A) At midnight according to the wall clock, the machine pauses noticeably for a second or so. The RTC and Windows time have no effect on this issue - only the wall clock matters. If that's correct, I have two questions for you regarding this specific freeze:
1. Can you clarify whether this has always occurred under all operating systems? I'm not clear on that, despite having read your posts.

2. Does it happen if you (say) boot into Knoppix with a CD?

3. What are you actually using to time this freeze - how do you know it's precisely at midnight?
B) For every hour of uptime, there is a smaller freeze which may be hard to detect from the console but it sometimes shows up as dropped video frames (not always). This freeze did not occur under XP.

Again, if I understand correctly, the Windows clock can be absolutely anything for both issues "A" and "B". Hence, it is very important when doing that Xperf capture if you can note down - as precisely as possible - what time the Windows clock was registering at the point of the freeze. I may be looking for something very tiny or even invisible in the log, and it helps if I know when it occurred according to the log timer.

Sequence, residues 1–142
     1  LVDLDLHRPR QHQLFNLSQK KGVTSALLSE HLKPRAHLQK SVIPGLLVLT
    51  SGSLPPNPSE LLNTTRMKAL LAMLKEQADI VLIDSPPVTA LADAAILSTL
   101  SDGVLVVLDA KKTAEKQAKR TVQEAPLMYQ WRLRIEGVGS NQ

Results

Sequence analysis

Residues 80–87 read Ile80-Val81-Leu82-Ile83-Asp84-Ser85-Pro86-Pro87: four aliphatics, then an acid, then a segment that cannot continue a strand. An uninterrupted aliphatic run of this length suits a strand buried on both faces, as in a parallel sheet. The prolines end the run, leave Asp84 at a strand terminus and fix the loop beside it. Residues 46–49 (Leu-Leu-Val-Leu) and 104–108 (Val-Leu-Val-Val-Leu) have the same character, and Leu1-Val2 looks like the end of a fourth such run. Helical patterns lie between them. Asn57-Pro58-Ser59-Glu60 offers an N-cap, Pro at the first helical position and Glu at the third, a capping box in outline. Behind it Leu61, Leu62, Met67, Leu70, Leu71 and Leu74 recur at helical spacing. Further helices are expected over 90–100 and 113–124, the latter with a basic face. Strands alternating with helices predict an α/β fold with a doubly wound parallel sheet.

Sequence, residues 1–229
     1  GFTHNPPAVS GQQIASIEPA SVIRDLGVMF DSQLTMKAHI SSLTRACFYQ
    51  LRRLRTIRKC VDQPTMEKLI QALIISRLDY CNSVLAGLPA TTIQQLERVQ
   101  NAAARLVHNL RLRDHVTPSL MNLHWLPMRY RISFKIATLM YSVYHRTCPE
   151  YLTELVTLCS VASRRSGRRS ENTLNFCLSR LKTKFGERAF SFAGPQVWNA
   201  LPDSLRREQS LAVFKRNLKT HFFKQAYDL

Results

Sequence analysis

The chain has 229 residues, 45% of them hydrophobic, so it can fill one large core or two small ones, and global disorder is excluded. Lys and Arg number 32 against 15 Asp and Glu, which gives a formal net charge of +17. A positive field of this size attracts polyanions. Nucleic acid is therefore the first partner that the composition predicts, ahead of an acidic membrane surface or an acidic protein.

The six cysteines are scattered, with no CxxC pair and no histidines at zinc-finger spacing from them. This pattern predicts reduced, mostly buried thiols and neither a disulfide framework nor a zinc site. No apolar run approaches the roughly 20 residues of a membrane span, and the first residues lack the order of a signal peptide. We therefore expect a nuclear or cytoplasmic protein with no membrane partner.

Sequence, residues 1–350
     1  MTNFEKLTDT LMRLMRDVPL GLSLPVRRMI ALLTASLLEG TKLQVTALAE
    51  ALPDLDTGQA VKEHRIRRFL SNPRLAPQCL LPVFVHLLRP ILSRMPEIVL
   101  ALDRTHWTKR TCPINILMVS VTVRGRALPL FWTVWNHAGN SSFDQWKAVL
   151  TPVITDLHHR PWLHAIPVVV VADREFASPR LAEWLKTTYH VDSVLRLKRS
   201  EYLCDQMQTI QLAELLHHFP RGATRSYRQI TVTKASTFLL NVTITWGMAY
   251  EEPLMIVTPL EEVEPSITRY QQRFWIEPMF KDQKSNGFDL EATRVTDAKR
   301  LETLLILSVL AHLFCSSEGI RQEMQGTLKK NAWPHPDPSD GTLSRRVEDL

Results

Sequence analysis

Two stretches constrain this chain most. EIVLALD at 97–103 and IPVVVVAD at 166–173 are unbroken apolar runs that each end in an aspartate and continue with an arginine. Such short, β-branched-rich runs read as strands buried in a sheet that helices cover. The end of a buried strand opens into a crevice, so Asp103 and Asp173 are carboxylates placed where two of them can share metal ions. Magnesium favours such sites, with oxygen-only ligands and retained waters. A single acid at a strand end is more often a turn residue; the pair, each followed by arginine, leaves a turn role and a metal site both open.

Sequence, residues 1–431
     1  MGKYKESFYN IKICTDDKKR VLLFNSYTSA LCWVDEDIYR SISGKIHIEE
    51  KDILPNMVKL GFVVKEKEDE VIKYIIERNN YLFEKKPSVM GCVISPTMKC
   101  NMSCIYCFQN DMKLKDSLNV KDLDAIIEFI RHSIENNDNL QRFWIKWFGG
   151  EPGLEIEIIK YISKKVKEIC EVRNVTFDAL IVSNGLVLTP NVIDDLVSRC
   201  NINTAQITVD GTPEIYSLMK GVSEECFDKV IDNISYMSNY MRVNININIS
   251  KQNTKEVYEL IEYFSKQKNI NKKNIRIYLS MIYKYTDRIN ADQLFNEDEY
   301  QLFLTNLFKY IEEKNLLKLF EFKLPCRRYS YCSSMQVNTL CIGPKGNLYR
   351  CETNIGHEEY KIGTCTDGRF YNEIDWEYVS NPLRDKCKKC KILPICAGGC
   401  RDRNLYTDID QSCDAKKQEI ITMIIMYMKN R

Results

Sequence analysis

Interesting issue
My System SpecsSystem Spec
04 Oct 2009   #23

Windows 7 Ultimate 64bit SP1
 
 

Quote:
A) At midnight according to the wall clock, the machine pauses noticeably for a second or so. The RTC and Windows time have no effect on this issue - only the wall clock matters. If that's correct, I have two questions for you regarding this specific freeze:
I am sorry maybe i used bad wording... no it's not according to the wall clock, it's really when the computer's clock changes from 23:59:59 to 00:00:00 or when changes to 00:00:00 to 00:00:01 (i am unable to see for sure which of these two happens). I just said it happened when it was midnight here in my country because obviously i keep the computer's clock to match the wall clock, that's what i meant

You tought that the freeze happened when it was exactly midnight according to my country's official clock time ? No no of course not

What i also mean is that it's when the computer's clock reach midnight without any manipulations in the time, that the freeze happens.

Quote: